Ads get a break during Super Bowl
Engaged audience makes event uniquely valuable
By William Spain, CBS.MarketWatch.com
CHICAGO (CBS.MW) — “C’mon, honey, I promise I will take the garbage out — just as soon as the game comes back on.”
Commercial breaks might be the time for mute buttons and bathroom visits during most of the year, but when advertisers shell out tens of thousands of dollars per second to reach Super Bowl viewers, they’re buying a special opportunity: On the big Sunday, the ads draw as many eyeballs as the game.
Disney’s (DIS: news, chart, profile) ABC is charging — and mostly getting — a bit over $2 million for each 30 seconds of commercial airtime.
That money buys reams of news coverage (like this story), often with free airing of part or all of the commercial, and sometimes the bragging rights for muscling direct competitors off the biggest broadcast event of the year. But mostly it buys that special audience.
“It has been proved they watch the commercials closely, and you can’t overestimate” the value of that, said Dennis Ryan, chief creative officer for Omnicom (OMC: news, chart, profile) shop Element 79 Partners. They also come in groups, he added, “like a national block party — it’s definitely got an extraordinarily high percentage of communal watching.”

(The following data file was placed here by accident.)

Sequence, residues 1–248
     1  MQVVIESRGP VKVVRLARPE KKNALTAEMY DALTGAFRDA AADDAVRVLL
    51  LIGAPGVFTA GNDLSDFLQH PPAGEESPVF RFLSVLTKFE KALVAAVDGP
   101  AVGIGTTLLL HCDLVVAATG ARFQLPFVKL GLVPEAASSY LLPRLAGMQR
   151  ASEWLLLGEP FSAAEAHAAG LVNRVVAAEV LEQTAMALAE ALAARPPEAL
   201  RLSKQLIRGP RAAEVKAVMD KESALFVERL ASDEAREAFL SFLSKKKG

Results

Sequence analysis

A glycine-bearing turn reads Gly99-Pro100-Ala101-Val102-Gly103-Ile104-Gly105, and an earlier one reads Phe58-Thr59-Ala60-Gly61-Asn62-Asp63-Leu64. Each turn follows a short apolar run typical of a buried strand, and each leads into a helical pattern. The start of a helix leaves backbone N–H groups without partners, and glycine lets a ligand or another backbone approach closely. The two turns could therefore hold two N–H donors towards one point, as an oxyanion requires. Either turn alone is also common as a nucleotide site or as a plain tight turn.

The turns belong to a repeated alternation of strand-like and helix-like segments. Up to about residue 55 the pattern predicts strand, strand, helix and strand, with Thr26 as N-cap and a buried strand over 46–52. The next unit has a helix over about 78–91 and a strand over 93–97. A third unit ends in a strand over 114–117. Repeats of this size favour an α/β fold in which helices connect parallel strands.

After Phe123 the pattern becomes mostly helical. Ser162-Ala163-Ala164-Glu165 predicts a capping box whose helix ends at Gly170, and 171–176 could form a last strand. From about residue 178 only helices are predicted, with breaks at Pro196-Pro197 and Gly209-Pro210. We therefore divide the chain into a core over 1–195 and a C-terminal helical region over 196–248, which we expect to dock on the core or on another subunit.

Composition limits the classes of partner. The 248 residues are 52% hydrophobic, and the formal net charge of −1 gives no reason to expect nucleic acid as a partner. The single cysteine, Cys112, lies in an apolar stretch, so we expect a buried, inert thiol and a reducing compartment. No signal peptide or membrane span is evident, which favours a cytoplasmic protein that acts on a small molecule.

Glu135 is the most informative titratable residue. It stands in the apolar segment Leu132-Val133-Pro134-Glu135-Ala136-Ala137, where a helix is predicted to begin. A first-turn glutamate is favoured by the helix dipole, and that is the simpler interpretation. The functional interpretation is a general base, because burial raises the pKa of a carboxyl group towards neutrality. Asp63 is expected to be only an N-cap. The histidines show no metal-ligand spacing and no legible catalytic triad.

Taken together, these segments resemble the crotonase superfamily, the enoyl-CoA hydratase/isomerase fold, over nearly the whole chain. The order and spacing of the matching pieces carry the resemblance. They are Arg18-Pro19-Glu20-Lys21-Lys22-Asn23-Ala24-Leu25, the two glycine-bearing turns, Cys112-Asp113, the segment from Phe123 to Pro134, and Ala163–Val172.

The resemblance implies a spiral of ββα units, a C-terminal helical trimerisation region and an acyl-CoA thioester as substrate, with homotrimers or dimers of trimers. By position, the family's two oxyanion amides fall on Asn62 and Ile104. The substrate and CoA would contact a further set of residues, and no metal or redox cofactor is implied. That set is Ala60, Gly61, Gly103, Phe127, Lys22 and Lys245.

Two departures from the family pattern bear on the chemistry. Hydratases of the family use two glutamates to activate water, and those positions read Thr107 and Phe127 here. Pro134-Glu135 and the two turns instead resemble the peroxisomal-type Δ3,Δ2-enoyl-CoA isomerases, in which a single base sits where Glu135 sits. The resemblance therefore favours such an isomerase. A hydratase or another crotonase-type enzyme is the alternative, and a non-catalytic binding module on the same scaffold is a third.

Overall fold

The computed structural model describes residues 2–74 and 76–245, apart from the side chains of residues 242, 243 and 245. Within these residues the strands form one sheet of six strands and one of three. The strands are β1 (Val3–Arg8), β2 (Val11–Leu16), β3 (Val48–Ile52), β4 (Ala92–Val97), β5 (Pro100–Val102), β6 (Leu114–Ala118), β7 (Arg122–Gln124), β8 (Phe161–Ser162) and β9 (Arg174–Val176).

Ryan has created about a dozen ads to run during the Super Bowl over the years, including spots from Anheuser-Busch (BUD: news, chart, profile), Blockbuster (BBI: news, chart, profile) and various Pepsico (PEP: news, chart, profile) products.
Three Jordans in one ad, one in another
This year, Ryan’s agency has what is apt to be one of the most popular — and critiqued — ads of all: A Gatorade spot featuring basketball star Michael Jordan going one-on-one with a younger version of himself.
Jordan looks to be something of a ball hog, also appearing with actor Jackie Chan in a spot for Sara Lee’s (SLE: news, chart, profile) Hanes unit.
Among the other advertisers on the schedule:
* Pepsico with almost 3 minutes of ad time slotted, reportedly using most of it to promote its Sierra Mist soda; an online poll on Yahoo (YHOO: news, chart, profile) and other sites allows consumers to pick the ending for the ad.
* Perennial sponsor Anheuser-Busch, once again the game’s largest single advertiser.
* Tax-preparer H&R Block (HRB: news, chart, profile) using singer and Internal Revenue Service poster boy Willie Nelson to tout its services.